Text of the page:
- Higher degree of privacy: IF a user uses a new address for each transaction that they receive then it will often be difficult to link accounts to each other. This applies greatly to currency, but less to arbitrary dapps.
- Potential scalability paradigms: UTXOs are more theoretically compatible with certain kinds of scalability paradigms. UTXOs are very easy to apply transactions in parallel asssuming sufficiently granular entries. However, non-UTXO-dependent scalability paradigms do exist and there are tradeoffs.
- Minimal demands on consensus algorithms: All conflict resolutions boil down to the double spending problem.
- Unfriendly: Representing numeric amounts using immutable entries is unnatural. The matter becomes even worse during implementation. You will need a layer on top of the underlying ledger to calculate a user’s balance instead of just reading it out of the database. As a result, a lot of pressure is placed on wallet developers to be familar with the UTXO model so that they may create a friendly software.
- Limitations in creating complex applications such as smart contracts.
- Large space savings: For example, if an account has 5 UTXO, then switching from a UTXO model to an account model would reduce the space requirements from (20 + 32 + 8) * 5 = 300 bytes (20 for the address, 32 for the txid and 8 for the value) to 20 + 8 + 2 = 30 bytes (20 for the address, 8 for the value, 2 for a nonce(see below)). In reality savings are not nearly this massive because accounts need to be stored in a Patricia tree but they are nevertheless large. Additionally, transactions can be smaller (eg. 100 bytes in Ethereum vs. 200-250 bytes in Bitcoin) because every transaction need only make one reference and one signature and produces one output.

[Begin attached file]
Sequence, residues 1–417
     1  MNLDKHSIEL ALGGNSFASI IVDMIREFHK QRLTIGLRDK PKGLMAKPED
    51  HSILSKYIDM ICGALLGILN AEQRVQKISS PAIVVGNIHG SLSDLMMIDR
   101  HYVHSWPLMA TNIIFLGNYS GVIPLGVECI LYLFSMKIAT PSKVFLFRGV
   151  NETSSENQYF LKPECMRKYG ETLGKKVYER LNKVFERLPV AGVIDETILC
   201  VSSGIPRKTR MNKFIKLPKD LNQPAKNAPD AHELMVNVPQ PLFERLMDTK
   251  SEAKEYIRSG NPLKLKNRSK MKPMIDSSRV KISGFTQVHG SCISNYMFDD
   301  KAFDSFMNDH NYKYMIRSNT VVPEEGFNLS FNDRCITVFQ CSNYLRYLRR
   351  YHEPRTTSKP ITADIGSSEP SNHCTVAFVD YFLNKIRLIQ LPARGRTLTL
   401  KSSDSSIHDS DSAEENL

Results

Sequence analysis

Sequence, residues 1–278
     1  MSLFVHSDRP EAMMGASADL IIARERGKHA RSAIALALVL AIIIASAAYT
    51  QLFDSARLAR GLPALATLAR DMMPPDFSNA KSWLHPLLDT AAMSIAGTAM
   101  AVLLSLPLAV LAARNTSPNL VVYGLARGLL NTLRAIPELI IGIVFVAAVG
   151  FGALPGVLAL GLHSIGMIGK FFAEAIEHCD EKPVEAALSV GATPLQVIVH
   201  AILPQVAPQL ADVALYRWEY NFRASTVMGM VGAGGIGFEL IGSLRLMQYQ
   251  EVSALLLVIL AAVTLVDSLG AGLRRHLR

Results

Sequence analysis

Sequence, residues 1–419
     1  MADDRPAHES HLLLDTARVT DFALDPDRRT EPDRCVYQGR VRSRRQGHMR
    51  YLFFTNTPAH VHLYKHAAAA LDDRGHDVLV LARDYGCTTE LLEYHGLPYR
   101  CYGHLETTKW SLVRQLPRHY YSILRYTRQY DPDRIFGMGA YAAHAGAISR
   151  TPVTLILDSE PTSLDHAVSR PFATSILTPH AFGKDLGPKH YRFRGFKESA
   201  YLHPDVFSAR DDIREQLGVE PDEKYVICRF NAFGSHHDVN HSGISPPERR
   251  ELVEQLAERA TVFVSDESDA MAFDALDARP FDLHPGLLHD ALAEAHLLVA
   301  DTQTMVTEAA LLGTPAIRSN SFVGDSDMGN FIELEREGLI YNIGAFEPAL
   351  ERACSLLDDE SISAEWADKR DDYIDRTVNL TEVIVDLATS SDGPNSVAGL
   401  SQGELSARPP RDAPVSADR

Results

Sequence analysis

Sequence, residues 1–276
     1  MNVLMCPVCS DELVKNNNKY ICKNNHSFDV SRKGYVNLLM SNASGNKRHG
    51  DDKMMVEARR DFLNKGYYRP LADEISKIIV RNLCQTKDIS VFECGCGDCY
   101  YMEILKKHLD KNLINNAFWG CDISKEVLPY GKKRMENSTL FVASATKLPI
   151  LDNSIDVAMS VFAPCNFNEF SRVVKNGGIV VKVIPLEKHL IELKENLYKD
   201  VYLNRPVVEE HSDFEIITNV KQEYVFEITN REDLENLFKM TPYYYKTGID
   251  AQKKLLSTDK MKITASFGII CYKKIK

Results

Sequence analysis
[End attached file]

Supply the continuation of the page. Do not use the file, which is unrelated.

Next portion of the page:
- Greater fungibility: Because there is no blockchain-level concept of the source of a specific set of coins, it becomes less practical, both technically and legally, to institute a redlist/blacklisting scheme and to draw a distinction between coins depending on where they come from. The responsibility for privacy falls less on the users in the account model.
- Simplicity: Easier to code and understand, especially once more complex scripts become involved. It is not impossible to create complex programs using UTXO but it is best suited for dealing with finance.
- Constant light client reference: Light clients can at any point access all data related to an account by scanning down the state tree in a specific direction. In a UTXO paradigm, the references change with each transaction, a particularly burdensome problem for long-running dapps that try to use the above mentioned state-root-in-UTXO propagation mechanism.
1. No SPV (light client): currently Ethereum still does not have a SPV wallet regardless of the benefits of the light client.